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Lisa Eadicicco/Business Insider
- Apple’s M1-powered MacBook Air brings benefits like speedier performance and longer battery life to the company’s flagship lightweight laptop.
- The M1 is Apple’s first processor for the Mac, and the new MacBook Air is one of the first devices to run on it.
- In addition to faster performance and longer battery life, the addition of Apple’s chip also means that iPhone and iPad apps can run on the Mac for the first time.
- But, without a touch screen, it may be hard to experience the benefits of using mobile apps on the desktop.
- The MacBook Air also lacks modern Apple features, like Face ID and a nearly borderless screen.
- Here’s what the newest MacBook Air is up against in our guide for the best laptops.
It’s no secret that laptops have started to more closely resemble tablets and smartphones in recent years. Tech giants like Apple, Microsoft, and many others have been chasing what has become the Holy Grail of computing: blending the benefits of mobile devices with the processing power that comes with desktop-class machines.
Apple’s ambitions here are coming into full focus with the debut of the M1: its first homemade processor designed to power its line of Mac computers.
The launch of its M1 chip means a few promising things for Apple loyalists. For one, the processors powering Apple’s laptops and desktops will run on the same basic architecture as those inside the iPhone and iPad, enabling mobile apps from the iOS App Store to run on the Mac for the first time.
But, most important of all, Apple is guaranteeing that its M1 chip will introduce major gains in performance and power efficiency. That’s already become evident after using the new $1,000 M1-powered MacBook Air for just a few days, which is leagues ahead of Apple’s Intel-powered MacBook Air when it comes to areas like performance and webcam quality.
Plus, the MacBook Air’s newer fanless internal design means you’ll no longer need to worry about your laptop sounding like a jet engine when it’s enduring a particularly heavy workload.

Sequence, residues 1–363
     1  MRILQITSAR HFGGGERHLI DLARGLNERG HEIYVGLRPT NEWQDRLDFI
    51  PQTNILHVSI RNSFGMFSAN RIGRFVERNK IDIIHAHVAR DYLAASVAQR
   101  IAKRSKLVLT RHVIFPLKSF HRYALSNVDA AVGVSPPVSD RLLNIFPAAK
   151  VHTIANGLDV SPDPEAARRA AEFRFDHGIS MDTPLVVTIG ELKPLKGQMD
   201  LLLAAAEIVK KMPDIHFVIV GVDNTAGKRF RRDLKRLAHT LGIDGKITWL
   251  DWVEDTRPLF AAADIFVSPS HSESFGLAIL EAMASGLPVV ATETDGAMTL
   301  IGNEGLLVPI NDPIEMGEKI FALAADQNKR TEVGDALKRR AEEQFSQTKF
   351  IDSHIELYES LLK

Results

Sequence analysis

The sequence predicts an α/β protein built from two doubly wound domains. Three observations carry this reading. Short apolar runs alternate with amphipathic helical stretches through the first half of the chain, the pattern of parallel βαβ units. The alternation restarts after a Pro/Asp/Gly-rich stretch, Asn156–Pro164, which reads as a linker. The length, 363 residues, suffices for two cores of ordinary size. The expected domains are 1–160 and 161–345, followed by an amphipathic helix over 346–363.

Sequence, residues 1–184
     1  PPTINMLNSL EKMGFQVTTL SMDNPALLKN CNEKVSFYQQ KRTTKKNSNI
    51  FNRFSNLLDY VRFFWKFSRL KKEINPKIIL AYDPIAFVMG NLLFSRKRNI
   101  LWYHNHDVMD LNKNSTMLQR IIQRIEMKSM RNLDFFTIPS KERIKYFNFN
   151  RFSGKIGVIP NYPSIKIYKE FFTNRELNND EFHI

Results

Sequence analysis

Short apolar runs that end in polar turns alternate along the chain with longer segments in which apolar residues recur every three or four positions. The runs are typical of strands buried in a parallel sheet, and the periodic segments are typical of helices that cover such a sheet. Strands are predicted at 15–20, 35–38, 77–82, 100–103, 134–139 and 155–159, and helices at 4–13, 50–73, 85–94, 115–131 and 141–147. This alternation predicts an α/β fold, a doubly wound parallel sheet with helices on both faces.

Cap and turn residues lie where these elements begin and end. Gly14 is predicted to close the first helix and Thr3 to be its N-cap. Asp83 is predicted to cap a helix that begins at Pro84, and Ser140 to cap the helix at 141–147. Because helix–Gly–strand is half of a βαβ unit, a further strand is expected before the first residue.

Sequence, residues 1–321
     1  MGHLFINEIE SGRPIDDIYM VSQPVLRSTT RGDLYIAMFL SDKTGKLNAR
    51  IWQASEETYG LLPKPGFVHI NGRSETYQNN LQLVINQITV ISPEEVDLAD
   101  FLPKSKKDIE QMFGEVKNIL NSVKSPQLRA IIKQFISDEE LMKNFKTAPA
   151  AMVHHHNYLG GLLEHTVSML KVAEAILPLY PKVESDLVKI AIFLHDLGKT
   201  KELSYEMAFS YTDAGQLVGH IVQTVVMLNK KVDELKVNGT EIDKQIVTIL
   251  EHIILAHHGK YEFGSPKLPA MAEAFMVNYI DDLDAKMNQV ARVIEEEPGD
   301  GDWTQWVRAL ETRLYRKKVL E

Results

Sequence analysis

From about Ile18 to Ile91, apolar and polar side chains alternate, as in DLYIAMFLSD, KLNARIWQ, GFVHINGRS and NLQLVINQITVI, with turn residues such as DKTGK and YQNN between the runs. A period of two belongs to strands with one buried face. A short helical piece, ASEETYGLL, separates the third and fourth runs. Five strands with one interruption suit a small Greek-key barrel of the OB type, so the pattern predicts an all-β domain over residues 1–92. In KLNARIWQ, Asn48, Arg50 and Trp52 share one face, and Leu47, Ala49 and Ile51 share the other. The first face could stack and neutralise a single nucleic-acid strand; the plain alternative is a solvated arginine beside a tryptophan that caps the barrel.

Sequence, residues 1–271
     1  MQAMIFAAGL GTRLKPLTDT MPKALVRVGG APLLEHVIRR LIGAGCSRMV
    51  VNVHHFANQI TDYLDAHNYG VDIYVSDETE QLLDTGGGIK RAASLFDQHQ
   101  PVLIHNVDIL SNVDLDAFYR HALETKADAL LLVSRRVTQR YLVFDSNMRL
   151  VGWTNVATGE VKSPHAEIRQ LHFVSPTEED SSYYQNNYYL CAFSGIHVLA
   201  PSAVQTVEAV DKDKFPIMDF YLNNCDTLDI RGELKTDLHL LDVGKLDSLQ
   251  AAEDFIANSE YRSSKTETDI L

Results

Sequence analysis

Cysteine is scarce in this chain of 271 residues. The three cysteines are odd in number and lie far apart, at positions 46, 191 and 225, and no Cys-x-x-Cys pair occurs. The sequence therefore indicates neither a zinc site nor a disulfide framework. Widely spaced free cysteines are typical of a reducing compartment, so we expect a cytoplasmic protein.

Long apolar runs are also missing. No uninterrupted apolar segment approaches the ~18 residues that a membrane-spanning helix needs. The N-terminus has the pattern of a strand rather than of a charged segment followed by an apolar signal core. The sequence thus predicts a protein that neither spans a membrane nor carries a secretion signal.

Yet, it’s going to take some time before we understand whether making iPhone apps compatible with the Mac brings anything new to the experience. And, even though Apple’s M1 chip delivers noticeable improvements in power and efficiency, Apple’s laptops still lack some of the benefits of Windows devices, like facial recognition for a more seamless login experience, borderless screens, and most importantly: touch support.
But overall, the M1-powered MacBook Air is a step up from its Intel-powered predecessor. It offers faster performance for the same price with virtually no compromises even when running apps that are not yet optimized for Apple’s new silicon.
- Display: 13.3-inch Retina display (2,560 x 1,600) with True Tone
- Processor: 8-core Apple M1 SoC (7~8-core GPU, 16-core Neural Engine)
- Estimated battery life: Up to 15 hours of web browsing
- Memory: 8GB to 16GB
- Storage: 256GB or 512GB SSD configurable up to 2TB
- Ports: Two Thunderbolt 3/USB-C ports, one headphone jack
- Camera: 720p FaceTime camera
- Authentication: Touch ID fingerprint sensor
Lisa Eadicicco/Business Insider
Let’s start with performance, since it’s one of the biggest ways in which Apple’s new MacBook Air stands out from its Intel-powered predecessor.
The Apple silicon MacBook Air I’ve been using has eight processor cores and 8GB of RAM, while the Intel-powered version I’ve been testing it against has a 1.1GHz quad-core Intel core i5 processor with 8GB of RAM.
The Intel edition replaced by this model topped out at four cores, and the base model came with a dual-core Intel Core i3, which as I noted in my previous review felt underpowered. A processor with more cores usually means it’s better at multitasking, since it has additional cores to drive multiple processes at once.
Apple claims the M1-equipped MacBook Air model offers 3.5 times the computing power, five times the graphics performance, and up to nine times the machine learning capabilities compared to the previous-generation Intel version. In other words: it should be faster when it comes to everything from gaming to editing high-resolution photos and more.
In my experience, the performance gains are most noticeable in photo editing apps and video games. When exporting 50 photos from Adobe Lightroom in full size at 100% quality, the M1-powered MacBook Air performed the task in 16.5 seconds, while the Intel version took 46.3 seconds. It was also faster at stitching together five images to create a panoramic shot: the M1 MacBook Air did so in 11.2 seconds, while the Intel edition took 19.3 seconds.
Exporting a complex image that was 1GB in size and 15,000 x 12,000 pixels — the biggest file in my Lightroom library by a long shot — only took about 30 seconds on the first try when using the M1 MacBook Air and 17 seconds on the second test. The Intel MacBook Air, by comparison, took over three minutes to export the same image file both times.